April 13, 2009, 10:40 am When Lightning Strikes Wind Turbines II By Kate Galbraith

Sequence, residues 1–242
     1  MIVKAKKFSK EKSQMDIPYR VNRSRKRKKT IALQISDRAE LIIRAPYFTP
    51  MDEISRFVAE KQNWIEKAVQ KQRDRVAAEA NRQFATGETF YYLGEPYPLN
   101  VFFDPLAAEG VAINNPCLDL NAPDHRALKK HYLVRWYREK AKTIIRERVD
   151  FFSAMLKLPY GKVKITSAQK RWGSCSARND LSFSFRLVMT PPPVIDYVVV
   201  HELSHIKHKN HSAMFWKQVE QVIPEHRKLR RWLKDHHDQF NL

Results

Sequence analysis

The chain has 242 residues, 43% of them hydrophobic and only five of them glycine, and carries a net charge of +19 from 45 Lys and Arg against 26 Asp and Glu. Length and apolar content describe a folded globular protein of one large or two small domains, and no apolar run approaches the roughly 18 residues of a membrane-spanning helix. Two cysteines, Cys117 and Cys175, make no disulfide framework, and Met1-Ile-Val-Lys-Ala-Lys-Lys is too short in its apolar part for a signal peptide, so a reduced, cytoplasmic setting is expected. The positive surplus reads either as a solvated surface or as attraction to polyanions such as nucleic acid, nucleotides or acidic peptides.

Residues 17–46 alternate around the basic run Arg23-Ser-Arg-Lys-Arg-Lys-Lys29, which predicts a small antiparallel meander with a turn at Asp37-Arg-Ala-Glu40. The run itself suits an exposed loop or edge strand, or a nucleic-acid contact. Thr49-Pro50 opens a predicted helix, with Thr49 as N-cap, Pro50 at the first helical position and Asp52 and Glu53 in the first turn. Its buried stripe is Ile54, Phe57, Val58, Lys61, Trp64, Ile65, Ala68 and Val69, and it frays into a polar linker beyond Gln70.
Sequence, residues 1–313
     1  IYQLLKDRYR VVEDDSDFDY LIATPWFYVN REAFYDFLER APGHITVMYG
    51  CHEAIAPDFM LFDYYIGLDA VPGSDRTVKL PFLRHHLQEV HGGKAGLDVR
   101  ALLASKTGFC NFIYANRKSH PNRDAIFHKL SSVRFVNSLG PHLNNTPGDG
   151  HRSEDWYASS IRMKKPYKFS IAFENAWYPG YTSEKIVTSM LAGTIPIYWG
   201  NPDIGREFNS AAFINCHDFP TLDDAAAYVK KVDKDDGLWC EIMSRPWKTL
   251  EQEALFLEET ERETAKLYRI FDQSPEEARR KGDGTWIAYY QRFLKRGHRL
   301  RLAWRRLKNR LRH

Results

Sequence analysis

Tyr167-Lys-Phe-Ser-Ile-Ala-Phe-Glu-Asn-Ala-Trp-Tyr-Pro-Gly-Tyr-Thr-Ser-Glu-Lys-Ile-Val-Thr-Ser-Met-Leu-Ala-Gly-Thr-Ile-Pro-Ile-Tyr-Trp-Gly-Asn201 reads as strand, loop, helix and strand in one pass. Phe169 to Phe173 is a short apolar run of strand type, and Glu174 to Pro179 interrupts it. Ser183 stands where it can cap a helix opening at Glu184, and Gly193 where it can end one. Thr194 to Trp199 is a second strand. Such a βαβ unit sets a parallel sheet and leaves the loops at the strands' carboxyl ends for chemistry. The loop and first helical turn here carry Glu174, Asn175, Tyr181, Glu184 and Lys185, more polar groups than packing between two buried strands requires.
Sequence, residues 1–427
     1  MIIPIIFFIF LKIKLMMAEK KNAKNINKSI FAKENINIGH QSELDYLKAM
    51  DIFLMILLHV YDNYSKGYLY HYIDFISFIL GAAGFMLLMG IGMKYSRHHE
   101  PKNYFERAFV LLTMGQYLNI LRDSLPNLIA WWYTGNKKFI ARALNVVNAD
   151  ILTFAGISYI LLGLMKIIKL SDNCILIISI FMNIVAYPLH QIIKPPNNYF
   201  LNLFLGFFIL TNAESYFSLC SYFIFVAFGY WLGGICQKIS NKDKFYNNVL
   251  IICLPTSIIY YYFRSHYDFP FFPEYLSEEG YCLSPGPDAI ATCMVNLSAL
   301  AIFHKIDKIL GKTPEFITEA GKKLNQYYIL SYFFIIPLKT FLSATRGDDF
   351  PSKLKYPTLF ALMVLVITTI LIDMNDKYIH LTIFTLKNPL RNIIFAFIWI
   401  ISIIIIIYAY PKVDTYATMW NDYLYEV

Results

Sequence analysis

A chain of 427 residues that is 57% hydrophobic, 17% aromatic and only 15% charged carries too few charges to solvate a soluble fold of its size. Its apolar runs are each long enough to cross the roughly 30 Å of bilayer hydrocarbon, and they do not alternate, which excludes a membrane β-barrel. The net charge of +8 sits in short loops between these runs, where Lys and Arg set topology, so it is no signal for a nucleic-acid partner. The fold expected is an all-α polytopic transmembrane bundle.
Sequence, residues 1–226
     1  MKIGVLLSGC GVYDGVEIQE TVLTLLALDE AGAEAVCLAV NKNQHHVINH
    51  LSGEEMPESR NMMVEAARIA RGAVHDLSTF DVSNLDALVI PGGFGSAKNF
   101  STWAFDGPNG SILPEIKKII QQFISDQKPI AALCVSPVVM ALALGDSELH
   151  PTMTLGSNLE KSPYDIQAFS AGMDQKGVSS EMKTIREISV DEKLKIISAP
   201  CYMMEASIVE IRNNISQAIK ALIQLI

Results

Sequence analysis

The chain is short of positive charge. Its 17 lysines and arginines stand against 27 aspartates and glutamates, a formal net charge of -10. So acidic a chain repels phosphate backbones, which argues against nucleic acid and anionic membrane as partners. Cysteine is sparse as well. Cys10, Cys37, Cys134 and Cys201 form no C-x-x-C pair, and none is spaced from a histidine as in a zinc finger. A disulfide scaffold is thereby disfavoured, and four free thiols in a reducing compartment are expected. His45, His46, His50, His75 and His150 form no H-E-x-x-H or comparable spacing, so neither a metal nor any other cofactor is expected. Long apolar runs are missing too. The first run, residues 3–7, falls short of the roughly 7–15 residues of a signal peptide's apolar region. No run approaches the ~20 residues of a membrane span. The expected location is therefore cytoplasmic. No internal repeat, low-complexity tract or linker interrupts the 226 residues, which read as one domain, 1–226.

Shutterstock The National Fire Protection Association now includes wind machines in its handbook on lightning protection. Back in December, a Wyoming rancher described to me the terrifying fireworks that ensue when a bolt of lightning hits a wind turbine. “It will explode those blades, and they’ll throw chunks of blade several hundred feet,” said Ralph Brokaw, whose ranch accommodates both turbines and cows. After I wrote the post, I got an e-mail message from Kim Loehr of the Lightning Protection Institute. She wrote to tell me that the National Fire Protection Association has updated its handbook on installing lightning protection systems to include a new section on wind machines. Due to the proliferation of wind farms and the increasing heights of the turbines — some of them more than 250 feet tall — there is, she noted, a rising number of lightning-related incidents. Now that the thunderstorm season is rolling around (central Texans were roiled by lightning shows over the weekend), I thought I would share a few pointers. According to the handbook, wind turbines are particularly complicated to protect because they have so many different components — including non-conducting composite materials like glass-reinforced plastic. Any lightning protection system must therefore be sufficiently comprehensive to take account for all of the parts. “While physical blade damage is the most expensive and disruptive damage caused by lightning,” the handbook states, “by far the most common is damage to the control system.” The massive blades will often have a receptor at the tip, which can channel the lightning into the proper wires and onward to the ground. Two receptors might be necessary for larger blades. “Protecting wind turbine blades against lightning is not about avoiding strikes, but attracting them,” states LM Glasfiber, a global blade manufacturer, on a section of its Web site devoted to lightning. “This makes it possible to direct the flow of the lightning and ensure that the components exposed to its effects can withstand the forces involved.” The company says that it meets certification standards requiring blades to be capable of withstanding 98 percent of lightning strikes. Without the system, though, it’s not pretty: “A lightning strike on an unprotected blade can lead to temperature increases of up to 30,000 degrees Celsius, and result in an explosive expansion of the air within the blade,” LM Glasfiber states.